Vendor Management: How Law Firms can Mitigate Supply Chain Risk
In opinion / By Andy Lewis / 14 February 2020
A senior Yorkshire police chief recently warned that companies face a new cyber threat from an unlikely source: their cleaners. It transpired that organised crime bosses are seeding insiders into contracting firms so they can physically access IT systems to steal sensitive data. The warnings highlight the importance of choosing the right vendors to do business with, and the potential risks posed by modern supply chains.
With data protection regulators increasingly keen to drive accountability for the security of sensitive data, it’s time organisations took action. This will demand a rigorous, detailed and continuous process of assessment, monitoring and due diligence.
The Backbone of any Business
Few businesses could function today without their supply chains. The average medium to large-sized law firm could have hundreds, maybe even thousands, covering everything from accounting and marketing to web design, content management and much more. Technology sits at the heart of this provision, as data storage and management goes digital. Some 87% of respondents to a poll in The Lawyer last year agreed that tech investment will boost revenue because it helps law firms offer better services.
IT services are vital to the modern legal sector, offering everything from application development to back-end hosting of Office applications, mobile device management, file sharing and collaboration, managed telephony and more. Yet according to some research by HBR Consulting, just two-fifths (42%) of firms have a formal third-party risk management policy in place.
Supply Chains are Risky
Why does this matter? Because all of these IT connections in and out of the organisation offer a large target for cyber criminals to take aim at. The legal sector in particular is highly sought after for confidential client data — so much so that GCHQ’s National Cyber Security Centre (NCSC) released a dedicated 2018 report for the industry. It cited stats that 60% of law firms reported an information security incident over the previous year, and over £11 million of client money was stolen due to cybercrime during the period.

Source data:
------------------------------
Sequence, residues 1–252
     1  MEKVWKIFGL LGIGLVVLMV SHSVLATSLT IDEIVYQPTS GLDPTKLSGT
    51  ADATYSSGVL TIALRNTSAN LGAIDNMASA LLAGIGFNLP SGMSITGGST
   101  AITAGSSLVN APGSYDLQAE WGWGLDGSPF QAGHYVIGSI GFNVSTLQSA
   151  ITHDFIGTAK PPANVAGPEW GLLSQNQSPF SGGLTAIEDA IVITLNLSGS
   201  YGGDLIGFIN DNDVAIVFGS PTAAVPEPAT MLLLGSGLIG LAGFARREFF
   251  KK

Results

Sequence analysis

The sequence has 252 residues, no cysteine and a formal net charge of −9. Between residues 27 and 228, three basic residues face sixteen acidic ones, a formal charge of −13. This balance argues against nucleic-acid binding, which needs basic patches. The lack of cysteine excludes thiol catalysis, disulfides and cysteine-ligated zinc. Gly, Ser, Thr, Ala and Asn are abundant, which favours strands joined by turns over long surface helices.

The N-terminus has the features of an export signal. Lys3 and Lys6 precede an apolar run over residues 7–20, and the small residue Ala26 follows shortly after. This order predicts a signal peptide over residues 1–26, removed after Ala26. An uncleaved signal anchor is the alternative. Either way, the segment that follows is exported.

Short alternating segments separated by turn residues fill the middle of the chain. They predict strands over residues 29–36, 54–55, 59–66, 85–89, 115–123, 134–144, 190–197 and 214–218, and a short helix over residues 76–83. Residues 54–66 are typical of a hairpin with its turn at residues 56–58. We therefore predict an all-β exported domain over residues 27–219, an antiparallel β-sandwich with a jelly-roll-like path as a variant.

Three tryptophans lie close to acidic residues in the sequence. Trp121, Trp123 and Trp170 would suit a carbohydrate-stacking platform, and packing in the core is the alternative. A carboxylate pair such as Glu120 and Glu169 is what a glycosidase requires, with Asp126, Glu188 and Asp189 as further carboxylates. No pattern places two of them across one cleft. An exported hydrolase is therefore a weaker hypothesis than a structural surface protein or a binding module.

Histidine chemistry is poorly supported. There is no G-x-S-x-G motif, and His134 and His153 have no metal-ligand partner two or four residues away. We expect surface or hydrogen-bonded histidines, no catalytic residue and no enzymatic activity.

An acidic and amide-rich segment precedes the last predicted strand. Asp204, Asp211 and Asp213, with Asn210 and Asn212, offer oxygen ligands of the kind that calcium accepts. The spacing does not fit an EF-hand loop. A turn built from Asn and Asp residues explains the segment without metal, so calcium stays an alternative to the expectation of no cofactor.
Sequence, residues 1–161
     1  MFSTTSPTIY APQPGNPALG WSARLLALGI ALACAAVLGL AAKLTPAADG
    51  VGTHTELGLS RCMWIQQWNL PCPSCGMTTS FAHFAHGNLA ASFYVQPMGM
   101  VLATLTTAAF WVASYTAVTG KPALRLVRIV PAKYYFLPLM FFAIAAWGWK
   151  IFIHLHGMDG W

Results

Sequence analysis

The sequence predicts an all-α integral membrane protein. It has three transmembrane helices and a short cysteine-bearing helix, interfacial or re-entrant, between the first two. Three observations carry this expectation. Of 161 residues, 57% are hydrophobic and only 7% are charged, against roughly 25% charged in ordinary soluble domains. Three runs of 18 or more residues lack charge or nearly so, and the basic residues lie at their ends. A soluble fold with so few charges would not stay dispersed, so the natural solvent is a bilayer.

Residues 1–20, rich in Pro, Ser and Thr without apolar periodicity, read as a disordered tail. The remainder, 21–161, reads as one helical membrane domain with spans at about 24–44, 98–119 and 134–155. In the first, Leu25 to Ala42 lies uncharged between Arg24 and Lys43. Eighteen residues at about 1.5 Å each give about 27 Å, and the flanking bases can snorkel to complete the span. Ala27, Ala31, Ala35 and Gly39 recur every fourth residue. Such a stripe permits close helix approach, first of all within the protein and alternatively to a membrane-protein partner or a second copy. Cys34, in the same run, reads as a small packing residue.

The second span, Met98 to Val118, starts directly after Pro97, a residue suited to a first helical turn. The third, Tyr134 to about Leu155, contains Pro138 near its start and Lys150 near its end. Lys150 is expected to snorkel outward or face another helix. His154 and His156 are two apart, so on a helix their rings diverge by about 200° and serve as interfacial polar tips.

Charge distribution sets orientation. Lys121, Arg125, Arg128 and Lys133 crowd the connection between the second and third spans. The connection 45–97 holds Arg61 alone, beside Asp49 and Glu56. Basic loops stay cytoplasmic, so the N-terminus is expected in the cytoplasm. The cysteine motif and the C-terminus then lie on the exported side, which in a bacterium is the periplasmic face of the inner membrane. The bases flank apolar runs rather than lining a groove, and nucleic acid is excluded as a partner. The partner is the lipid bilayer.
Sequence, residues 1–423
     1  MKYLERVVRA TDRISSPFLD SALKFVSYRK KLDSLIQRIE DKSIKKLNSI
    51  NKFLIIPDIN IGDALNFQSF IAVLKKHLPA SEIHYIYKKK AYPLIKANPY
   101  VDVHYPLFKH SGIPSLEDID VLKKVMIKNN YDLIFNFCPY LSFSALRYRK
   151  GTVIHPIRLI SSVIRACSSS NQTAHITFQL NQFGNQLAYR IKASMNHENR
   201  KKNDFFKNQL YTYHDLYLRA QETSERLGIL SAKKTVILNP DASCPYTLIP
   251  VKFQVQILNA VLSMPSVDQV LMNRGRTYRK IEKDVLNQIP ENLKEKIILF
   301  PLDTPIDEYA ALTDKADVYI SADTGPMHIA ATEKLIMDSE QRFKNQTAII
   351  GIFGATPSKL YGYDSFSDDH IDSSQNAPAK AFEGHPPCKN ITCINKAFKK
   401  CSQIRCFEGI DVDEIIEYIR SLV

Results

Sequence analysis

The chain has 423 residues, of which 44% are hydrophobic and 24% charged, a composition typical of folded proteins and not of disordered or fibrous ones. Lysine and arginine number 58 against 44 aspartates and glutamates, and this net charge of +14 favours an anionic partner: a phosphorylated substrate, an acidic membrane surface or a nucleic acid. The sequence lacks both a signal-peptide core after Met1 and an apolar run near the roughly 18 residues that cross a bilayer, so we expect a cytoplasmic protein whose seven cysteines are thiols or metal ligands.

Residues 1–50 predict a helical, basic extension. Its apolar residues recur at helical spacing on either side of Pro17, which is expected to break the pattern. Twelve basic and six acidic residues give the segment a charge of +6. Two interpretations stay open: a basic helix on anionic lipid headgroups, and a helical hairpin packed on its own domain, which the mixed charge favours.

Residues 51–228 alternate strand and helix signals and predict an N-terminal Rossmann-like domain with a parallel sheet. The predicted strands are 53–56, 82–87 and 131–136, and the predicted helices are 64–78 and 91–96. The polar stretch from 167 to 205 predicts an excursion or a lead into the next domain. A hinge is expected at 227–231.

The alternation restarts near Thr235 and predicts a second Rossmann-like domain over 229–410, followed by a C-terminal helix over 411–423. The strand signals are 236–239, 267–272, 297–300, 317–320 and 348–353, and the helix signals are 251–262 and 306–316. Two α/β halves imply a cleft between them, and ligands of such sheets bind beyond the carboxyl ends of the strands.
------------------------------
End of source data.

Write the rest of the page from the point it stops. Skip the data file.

Law firms, and their counterparts in other industries, run the risk of severe reputational harm if funds and key client data go missing. But they also face potential threats from ransomware designed to maximise business disruption in order to force victims into paying up.
As the manager of the Yorkshire and Humber Regional Cyber Crime Team warned, threats to data security can come from anywhere — even “sleepers” planted inside cleaning and office contracting organisations that may have out-of-hours access to IT systems. But the reality is that you’re far more likely to encounter remote hackers operating under anonymity of the internet than rogue cleaners.
Attacks Hit Home
These are not theoretical risks. Back in 2017, PwC and BAE Systems uncovered a large-scale Chinese plot to compromise managed service providers (MSPs) and use their access to target global customers. Stepping-stone attacks like Operation Cloud Hopper may not always be as sophisticated as this, but they’re an increasingly popular tactic.
Sometimes the threat vector is not an MSP but a software provider. That’s what happened in Ukraine in 2017 when Russian hackers seeded malware into popular accounting software called M.E. Doc. The disk-wiping malware subsequently spread to disrupt countless organisations in the country and then abroad, via the VPNs of international firms with offices in the eastern European country. DLA Piper is said to have lost millions in downtime and the 15,000 hours of overtime it had to pay IT staff to help recover from the incident.
A Four-Point Plan
So, what’s the answer? It pays to check out the NCSC’s advice here, but it boils down to four key steps:
- Understand the risk
- Establish control
- Check your arrangements
- Continuous improvement
Understanding the risk means mapping your information assets and where they flow, understanding your suppliers’ security posture and where there may be deficiencies. Then it’s about gaining control by communicating your security requirements to all suppliers, setting minimum standards and building these into any contracts. It’s vital that your suppliers do the same in turn for any sub-contractors. Establishing KPIs to measure performance and mandating regular audits will help to build confidence in the supply chain and drive continuous improvement.
Open communication channels are also key here, as is a balance between allowing time for changes to be made, ensuring timescales and promises are met. This may all require a cultural and mindset change for many businesses, but the alternative is far worse.